Talbot, like Le Gray, was a star player, but as the Barnes show reminds us, the thrilling possibilities at the dawn of photography attracted many brilliant practitioners. Sometimes, we admire them for achievements they may not have intended. Auguste Salzmann made close-ups of the stonework of Jerusalem to bolster archaeological suppositions about the dating of the monuments; today, when we have been exposed to the Ab Ex-influenced Martha’s Vineyard wall pictures of Aaron Siskind, Salzmann’s pictures are appreciated as studies in form and texture. John Beasley Greene, who died of tuberculosis at the age of 24, made his spare “View of Luxor,” of a pale desert and sun-bleached sky separated by a zigzag line of buildings and trees, in 1854. That was a generation before James Whistler’s nocturne paintings, but our appreciation of Greene is colored by our experience of Whistler.
The highly accomplished Julia Margaret Cameron produced many great portraits of prominent Victorian intellectuals, yet she can often slip into treacly sentimentality — particularly when she turned to children. There are some of those toothache-inducing renderings at the Barnes show. There is also, however, “Déjatch Alámayou, King Theodore’s Son” (1868), Cameron’s haunting portrait of an Ethiopian prince whose father had committed suicide after his defeat by the British. Brought to England by Queen Victoria, the prince sits in front of a shield and cradles an obscure object (other shots reveal it to be a white doll), with a melancholy air of noble stoicism. He might be an enslaved royal captive in classical times.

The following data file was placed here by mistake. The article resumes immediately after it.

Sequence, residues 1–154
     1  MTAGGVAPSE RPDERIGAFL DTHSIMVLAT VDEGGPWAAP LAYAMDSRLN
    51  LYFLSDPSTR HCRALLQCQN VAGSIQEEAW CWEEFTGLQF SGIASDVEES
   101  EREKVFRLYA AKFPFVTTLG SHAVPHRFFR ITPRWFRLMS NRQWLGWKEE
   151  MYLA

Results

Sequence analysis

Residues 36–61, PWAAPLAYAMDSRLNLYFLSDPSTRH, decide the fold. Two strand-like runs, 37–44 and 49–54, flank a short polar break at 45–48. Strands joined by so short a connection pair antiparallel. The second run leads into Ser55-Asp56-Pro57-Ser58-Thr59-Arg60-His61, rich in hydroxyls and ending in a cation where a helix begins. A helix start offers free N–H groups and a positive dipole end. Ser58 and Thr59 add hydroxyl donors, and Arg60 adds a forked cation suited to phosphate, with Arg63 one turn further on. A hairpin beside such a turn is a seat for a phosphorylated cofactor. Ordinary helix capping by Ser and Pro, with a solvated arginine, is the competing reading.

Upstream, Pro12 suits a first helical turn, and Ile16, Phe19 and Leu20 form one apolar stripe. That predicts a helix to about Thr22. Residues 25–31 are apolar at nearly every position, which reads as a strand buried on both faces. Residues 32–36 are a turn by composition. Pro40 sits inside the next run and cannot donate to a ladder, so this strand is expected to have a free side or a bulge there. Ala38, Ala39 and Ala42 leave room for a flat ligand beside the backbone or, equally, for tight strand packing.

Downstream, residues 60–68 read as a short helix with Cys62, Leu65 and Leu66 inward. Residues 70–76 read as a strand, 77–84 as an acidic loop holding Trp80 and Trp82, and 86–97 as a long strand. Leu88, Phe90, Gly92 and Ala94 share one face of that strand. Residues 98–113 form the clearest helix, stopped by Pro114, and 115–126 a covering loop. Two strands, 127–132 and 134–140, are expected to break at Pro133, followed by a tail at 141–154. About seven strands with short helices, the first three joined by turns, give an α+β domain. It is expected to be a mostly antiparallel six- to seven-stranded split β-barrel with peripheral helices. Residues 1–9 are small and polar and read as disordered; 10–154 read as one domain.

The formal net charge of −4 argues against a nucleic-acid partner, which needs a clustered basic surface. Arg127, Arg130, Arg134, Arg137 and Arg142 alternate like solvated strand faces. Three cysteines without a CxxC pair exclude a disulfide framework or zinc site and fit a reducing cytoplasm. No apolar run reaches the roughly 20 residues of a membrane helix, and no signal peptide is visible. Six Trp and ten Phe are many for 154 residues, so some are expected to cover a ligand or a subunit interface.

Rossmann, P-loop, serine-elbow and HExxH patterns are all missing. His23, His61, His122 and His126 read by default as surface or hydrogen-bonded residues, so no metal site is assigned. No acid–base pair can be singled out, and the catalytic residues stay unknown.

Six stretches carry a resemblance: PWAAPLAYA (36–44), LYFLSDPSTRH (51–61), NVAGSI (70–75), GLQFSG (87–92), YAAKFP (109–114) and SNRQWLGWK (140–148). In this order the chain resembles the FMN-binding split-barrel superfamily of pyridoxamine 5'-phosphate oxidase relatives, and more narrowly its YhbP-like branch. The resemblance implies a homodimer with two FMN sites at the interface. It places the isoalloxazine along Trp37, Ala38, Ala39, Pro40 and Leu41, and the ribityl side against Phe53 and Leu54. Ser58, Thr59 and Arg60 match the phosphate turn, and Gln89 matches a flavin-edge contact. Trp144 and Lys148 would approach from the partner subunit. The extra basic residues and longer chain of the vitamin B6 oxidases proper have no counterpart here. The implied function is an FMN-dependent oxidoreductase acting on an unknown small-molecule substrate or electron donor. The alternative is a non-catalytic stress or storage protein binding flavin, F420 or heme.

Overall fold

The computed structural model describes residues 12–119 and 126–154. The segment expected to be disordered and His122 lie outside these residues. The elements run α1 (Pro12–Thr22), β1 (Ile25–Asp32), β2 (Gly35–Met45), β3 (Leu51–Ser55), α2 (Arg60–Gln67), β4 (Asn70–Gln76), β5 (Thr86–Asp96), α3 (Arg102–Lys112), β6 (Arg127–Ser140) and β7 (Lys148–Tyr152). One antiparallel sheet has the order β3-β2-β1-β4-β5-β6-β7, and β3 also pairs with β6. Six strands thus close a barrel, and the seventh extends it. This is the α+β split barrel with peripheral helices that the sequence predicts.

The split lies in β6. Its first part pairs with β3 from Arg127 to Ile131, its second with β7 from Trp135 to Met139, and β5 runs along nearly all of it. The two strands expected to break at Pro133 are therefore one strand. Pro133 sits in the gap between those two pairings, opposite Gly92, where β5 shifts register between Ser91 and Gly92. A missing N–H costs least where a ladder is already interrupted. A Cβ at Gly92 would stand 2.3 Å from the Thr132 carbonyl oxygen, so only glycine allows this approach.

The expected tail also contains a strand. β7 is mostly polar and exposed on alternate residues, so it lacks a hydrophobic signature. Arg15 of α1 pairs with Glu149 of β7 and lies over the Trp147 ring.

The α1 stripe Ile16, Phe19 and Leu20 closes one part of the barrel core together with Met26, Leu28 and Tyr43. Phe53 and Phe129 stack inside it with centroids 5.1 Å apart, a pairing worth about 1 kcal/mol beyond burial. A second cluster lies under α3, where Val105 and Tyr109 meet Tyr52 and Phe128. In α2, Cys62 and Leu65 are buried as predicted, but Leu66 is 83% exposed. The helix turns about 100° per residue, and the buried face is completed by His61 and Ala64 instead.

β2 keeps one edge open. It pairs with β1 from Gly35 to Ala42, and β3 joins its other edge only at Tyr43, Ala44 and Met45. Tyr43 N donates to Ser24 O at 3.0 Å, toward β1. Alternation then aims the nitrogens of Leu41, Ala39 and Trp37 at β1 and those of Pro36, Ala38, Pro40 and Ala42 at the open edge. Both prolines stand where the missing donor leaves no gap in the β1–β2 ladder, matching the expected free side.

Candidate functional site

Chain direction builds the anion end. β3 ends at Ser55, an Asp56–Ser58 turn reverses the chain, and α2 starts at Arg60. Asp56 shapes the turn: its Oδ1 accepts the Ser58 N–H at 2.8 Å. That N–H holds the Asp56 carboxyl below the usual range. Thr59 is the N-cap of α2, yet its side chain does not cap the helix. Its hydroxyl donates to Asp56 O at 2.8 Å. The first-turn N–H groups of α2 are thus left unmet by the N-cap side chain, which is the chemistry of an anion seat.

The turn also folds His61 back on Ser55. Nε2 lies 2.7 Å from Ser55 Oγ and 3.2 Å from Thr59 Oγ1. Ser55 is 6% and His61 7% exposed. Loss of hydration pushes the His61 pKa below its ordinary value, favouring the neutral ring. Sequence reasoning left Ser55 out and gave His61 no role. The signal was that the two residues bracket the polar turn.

It is remarkable how few of the photographs in the Barnes exhibition lack artistic merit or are chiefly of documentary interest. At first, that might be thought of a sheet of uncut cartes de visite that recorded the execution of Emperor Maximilian I. It was designed to be divided up, and those passport-size photographs were then bought by Mexicans celebrating after the downfall of the French-imposed ruler in 1867. But viewing the multiple images of the corpse through today’s art-historical context, we can’t help but be reminded of the silk-screen paintings in Andy Warhol’s “Death and Disaster” series.